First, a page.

Palo Alto Weekly
News - January 20, 2012
Parents ask board to fix educational disparity
Palo Alto near bottom in state in Algebra 2 achievement of minority students, they say
by Chris Kenrick
Palo Alto last year ranked 147th among California school districts when it came to black-student proficiency in Algebra 2, a group of parents told the Board of Education Tuesday night.
In sometimes tense exchanges, the nine parents demanded a greater sense of urgency by the school district in fixing what they called Palo Alto's "bifurcated school system — one for the wealthy and one for the economically disadvantaged."
"When Visalia is doing a better job (helping black students master Algebra 2), folks, you are at the bottom," parent Michele Dauber told the board.
The statistics came from a print-out by Dauber's husband, Ken Dauber, of results of the 2011 California Star Test in Algebra 2 for various student subgroups.
Seven percent of Palo Alto's black students who were tested showed "proficient or above" — placing Palo Alto 147th statewide in the category. The best district in this regard — Hawthorne in Los Angeles County — had 75 percent of black students who were tested showing "proficient or above" in Algebra 2.
In both cases, the number of students tested was small — 15 in Palo Alto and 12 in Hawthorne.
Superintendent Kevin Skelly did not quibble with the data, though he said he would "have someone look at it."
"I didn't get into education to have results like this, and we need to work to have them better," he said.
Palo Alto long has struggled with the achievement gap, publishing student data and agonizing over how to fix it.
The district has launched multiple early-intervention efforts to nip problems in the bud; analyzed student profiles; trained teachers in culturally sensitive instruction methods and established a special "college bound" program at Barron Park Elementary School featuring a longer school day and longer school year.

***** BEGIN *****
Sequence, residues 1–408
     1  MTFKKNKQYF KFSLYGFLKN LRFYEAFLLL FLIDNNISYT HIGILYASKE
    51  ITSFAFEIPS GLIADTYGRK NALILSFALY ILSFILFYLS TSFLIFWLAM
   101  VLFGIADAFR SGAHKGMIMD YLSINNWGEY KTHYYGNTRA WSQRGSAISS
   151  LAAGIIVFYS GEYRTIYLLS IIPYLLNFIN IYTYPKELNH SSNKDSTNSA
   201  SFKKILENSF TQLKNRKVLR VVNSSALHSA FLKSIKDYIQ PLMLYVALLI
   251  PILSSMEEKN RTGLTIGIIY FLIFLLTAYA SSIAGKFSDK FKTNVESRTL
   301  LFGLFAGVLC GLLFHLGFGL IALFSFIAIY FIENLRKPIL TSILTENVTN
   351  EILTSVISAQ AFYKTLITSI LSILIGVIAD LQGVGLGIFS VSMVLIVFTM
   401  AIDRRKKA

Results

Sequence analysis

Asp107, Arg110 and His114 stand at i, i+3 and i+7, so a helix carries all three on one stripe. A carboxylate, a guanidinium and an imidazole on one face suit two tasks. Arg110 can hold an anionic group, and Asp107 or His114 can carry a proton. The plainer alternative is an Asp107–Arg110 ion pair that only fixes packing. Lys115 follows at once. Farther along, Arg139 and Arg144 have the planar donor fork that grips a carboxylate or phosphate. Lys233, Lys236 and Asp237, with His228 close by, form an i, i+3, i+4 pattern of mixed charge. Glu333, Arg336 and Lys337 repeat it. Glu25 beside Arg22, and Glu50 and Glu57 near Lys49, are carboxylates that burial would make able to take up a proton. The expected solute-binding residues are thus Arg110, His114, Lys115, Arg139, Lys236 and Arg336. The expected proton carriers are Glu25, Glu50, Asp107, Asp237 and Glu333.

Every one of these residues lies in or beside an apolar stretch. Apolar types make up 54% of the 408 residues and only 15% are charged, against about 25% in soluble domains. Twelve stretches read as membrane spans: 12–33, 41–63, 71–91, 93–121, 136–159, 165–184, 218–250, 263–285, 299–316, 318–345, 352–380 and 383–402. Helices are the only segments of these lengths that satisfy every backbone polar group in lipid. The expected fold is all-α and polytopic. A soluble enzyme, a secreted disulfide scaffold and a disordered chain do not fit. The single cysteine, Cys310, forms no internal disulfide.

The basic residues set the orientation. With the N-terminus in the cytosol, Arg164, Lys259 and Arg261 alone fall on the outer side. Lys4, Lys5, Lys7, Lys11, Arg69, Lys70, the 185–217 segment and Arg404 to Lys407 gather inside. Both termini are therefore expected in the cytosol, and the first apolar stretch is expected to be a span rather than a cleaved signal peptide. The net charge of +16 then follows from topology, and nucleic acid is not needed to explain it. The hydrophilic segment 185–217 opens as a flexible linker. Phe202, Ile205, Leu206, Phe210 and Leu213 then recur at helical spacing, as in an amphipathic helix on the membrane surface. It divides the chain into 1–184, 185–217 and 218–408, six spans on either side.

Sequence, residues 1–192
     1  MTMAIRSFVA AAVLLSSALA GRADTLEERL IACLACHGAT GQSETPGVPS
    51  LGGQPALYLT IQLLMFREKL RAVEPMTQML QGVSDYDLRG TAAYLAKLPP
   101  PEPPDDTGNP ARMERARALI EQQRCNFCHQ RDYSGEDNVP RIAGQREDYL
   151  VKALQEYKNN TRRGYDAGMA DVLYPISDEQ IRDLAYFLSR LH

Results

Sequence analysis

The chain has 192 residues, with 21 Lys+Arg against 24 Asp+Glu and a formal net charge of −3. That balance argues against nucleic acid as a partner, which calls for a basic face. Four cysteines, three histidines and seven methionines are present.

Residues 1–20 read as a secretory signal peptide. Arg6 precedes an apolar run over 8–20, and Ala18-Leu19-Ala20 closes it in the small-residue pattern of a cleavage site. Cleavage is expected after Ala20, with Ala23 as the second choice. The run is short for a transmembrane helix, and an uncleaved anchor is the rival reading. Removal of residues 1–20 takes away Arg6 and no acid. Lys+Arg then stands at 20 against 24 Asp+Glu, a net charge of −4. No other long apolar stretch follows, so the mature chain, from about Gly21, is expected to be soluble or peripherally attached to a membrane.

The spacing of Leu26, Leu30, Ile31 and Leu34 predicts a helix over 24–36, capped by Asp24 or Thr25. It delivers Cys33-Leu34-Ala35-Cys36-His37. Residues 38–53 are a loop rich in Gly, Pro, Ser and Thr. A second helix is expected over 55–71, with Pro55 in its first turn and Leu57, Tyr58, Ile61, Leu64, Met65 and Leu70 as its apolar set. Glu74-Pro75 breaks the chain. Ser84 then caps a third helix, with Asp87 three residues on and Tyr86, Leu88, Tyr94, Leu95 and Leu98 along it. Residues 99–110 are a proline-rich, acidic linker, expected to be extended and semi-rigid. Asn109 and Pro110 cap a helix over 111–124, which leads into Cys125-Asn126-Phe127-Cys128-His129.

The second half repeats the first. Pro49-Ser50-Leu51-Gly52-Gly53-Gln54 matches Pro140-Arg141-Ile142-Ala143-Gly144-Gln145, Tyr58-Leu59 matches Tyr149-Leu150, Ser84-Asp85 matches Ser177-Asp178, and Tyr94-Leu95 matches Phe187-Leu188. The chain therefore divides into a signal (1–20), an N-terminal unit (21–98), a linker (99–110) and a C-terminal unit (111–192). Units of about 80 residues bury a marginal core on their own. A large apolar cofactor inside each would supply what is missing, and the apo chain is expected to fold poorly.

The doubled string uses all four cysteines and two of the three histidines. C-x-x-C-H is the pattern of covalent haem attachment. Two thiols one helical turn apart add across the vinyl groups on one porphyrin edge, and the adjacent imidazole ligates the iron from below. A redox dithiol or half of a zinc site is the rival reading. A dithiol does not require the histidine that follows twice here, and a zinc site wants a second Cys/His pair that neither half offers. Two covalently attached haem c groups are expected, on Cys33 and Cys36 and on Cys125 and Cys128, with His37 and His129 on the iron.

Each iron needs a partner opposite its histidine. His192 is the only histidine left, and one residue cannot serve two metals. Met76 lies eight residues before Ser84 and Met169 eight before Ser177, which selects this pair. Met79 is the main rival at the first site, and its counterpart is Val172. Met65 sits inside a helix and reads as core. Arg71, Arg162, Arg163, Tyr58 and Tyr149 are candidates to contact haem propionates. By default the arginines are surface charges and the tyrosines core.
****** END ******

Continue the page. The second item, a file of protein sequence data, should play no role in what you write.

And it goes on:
Last year Skelly proposed boosting the district's graduation requirements to match the academic prerequisites for the University of California and California State University systems. The proposal is seen as a way to boost expectations — and results — for low-income and minority students who perpetually lag behind the district's high averages.
But the proposal was tabled after an outcry from parents of special-education students, who worried their children would suffer under the suggested requirements.
The recommendation also was opposed by the Palo Alto High School math department, which argued that some students cannot pass Algebra 2 (required for entrance to University of California and California State University schools) without a watering down of the curriculum, which the department said it was not prepared to do.
The so-called "Paly math letter" has become a rallying point for minority parents as well as for the Daubers' group, We Can Do Better Palo Alto, which has lobbied for measures to reduce academic stress.
The groups have demanded that both high schools offer basic no-frills "lanes" in math and science that meet, but do not exceed, the UC/CSU entrance standards.
Parents of elementary students said they are fearful of a system that sees many black students placed into special education by the time they are in middle school. The district is currently under state sanctions for having a "disproportionate" number of underrepresented minority students in special ed.
"My two sons are at Nixon, doing fantastically well with teachers and a principal who have high expectations for them," parent Kim Bomar said.
"But I'm concerned about what the parents of other children say, and what will happen to (my sons) when the get to the crucible ... of Paly."
The issues are expected to return to the board in the next two months.